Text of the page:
Although World was not yet offering Warhawk crate engines at the time of our buildup, the company was offering a variety of short-block assemblies and partial engines, the most popular being a 481-inch combination that uses the tall-deck block. For our project, we started with World's 427-inch short-block with LS1X heads, PN 103251A. It uses a standard-deck block (9.240 inches) and 4.125-inch bores. With a 4.000-inch stroke, it gives our engine the classic big-block displacement of 427 ci. It also is filled with forged reciprocating parts.
And because World's short-block doesn't include a camshaft, we looked to GM for an off-the-shelf LS7 bumpstick, PN 12571251. It has a lot of lift, and we figured that any cam good enough for the Z06 ought to do just fine for our street-based project.
A slew of carbureted intake systems have been developed for the LS engine, and they work great with the Warhawk. We used a high-rise, single-plane manifold and an 870-cfm Dominator-type four-barrel carb. It sounds like a lot for the street, but World Products insists the combination is docile enough for traffic duty.
Because the Warhawk block is based on the LS engine, it is designed to accommodate production-style accessories and components, including the oil and water pumps, the front cover, the various sensors to trigger the ignition and adjust timing, the ignition coils, the front-end dress kit, and the oil pan. We used a mixture of GM and aftermarket parts, including a complete MSD ignition system and controller kit.
The Warhawk accommodates the Z06-type dry-sump oiling system, so builders can use either the low-profile factory LS7 pan and a remote oil reservoir or a conventional wet-sump pan. The inlet/outlet ports for the dry-sump pan will interfere with some crossmembers, so unless you really want the exoticness of the dry system, stick with a conventional pan like the GM F-car unit. The Corvette LS pan has wings for high-load cornering, but on a street/strip car, the wings only interfere with the chassis.
Building a Warhawk-based engine is just like building a GM LS engine. In fact, our World Products project engine used a number of GM accessories to round out the assembly. Some of the fasteners are torque-to-yield types, meaning the final torque specs are reached with a torque-angle meter or similar tool.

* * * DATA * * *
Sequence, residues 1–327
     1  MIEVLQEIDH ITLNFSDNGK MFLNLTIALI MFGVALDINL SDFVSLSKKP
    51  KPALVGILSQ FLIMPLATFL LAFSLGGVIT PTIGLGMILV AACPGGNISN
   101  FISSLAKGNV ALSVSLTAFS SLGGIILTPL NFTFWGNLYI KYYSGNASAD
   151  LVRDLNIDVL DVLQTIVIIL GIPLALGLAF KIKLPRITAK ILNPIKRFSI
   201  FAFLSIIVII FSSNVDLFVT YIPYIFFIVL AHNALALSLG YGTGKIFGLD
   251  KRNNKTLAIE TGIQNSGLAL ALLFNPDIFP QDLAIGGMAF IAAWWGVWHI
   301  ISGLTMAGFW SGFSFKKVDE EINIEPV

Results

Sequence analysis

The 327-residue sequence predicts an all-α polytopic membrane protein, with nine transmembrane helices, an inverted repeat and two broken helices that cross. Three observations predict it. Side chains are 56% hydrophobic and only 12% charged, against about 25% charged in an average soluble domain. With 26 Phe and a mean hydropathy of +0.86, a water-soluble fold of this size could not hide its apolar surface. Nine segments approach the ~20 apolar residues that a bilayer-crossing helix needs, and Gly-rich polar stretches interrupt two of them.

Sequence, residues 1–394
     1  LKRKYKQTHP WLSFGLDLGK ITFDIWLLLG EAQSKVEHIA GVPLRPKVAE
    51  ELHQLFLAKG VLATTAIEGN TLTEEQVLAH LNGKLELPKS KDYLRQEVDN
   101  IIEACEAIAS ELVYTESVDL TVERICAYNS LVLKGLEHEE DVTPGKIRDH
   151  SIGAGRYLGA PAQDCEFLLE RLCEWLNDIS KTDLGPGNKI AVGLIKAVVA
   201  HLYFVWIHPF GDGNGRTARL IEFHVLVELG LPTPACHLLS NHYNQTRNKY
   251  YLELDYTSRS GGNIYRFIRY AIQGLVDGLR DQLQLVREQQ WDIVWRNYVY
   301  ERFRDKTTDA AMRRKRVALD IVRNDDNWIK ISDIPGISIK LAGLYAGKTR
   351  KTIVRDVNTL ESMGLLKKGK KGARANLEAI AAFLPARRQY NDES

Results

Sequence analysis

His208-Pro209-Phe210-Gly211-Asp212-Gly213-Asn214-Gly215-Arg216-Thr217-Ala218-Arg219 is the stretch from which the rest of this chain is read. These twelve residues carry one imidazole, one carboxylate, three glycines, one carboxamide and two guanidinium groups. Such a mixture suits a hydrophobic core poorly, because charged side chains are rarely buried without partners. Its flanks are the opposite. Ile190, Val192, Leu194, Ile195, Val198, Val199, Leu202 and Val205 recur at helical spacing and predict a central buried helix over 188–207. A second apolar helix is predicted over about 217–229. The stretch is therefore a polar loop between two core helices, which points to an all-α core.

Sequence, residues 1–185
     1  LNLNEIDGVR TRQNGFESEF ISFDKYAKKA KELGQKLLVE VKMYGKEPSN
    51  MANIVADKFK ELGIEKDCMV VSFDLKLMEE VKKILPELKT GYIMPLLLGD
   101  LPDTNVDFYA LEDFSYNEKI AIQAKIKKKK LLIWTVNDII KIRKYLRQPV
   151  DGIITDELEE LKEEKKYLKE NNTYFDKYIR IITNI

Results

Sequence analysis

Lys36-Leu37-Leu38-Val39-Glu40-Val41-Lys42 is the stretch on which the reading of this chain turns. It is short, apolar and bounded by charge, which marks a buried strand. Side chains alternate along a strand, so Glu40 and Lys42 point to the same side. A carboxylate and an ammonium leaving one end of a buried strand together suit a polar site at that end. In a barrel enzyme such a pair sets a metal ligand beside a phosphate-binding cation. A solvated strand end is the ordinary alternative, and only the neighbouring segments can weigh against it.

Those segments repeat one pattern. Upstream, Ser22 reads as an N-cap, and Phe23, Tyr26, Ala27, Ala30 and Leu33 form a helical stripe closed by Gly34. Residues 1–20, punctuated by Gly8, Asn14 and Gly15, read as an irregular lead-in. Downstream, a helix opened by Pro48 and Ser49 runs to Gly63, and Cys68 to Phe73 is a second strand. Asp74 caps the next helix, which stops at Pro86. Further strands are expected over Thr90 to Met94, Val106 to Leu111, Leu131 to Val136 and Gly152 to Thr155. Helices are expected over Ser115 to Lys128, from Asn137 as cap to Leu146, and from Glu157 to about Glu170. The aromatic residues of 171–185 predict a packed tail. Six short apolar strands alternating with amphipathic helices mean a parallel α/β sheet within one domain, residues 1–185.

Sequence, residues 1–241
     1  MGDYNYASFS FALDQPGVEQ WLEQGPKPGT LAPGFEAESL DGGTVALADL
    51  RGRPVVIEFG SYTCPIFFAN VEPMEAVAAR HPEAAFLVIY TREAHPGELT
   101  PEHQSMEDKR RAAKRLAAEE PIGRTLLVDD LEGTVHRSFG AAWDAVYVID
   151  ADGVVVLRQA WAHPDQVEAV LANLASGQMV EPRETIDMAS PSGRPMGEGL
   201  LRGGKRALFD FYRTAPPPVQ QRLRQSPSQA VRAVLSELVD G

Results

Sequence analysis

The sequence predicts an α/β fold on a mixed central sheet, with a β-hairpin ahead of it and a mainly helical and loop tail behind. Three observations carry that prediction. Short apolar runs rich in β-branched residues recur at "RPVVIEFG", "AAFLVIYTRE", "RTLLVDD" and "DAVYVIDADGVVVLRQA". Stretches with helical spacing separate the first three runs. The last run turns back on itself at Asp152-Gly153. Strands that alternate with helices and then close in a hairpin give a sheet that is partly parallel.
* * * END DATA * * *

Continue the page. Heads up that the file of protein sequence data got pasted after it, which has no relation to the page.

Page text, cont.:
And while the LS-type engine is different than a conventional carbureted mill with a distributor, getting it up and running is surprisingly easy and straightforward.
Here are the basics of what you need:
* Ignition system - GM or aftermarket (such as MSD), including coil packs, plug wires, and spark plugs
* Crankshaft-position, camshaft-position, and other sensors
* Ignition controller
With the MSD ignition kit, wiring the engine and getting it running was a snap. The valve-cover-mounted ignition coils connect to the wiring harness with only a single connection per side. The harness also plugs into the crank- and cam-position sensors, as well as a few others, and that's about it. When everything is plugged in and the engine is started for the first time, the ignition control automatically sets the timing--no timing light required.
By the way, one of the best guides to setting up an LS engine in an older vehicle is available from GM Performance Parts. It's called LS1 Engine Kit Installation Guide, and it carries PN 88959384. While the title says "LS1," the content is applicable to any LS-based engine swap.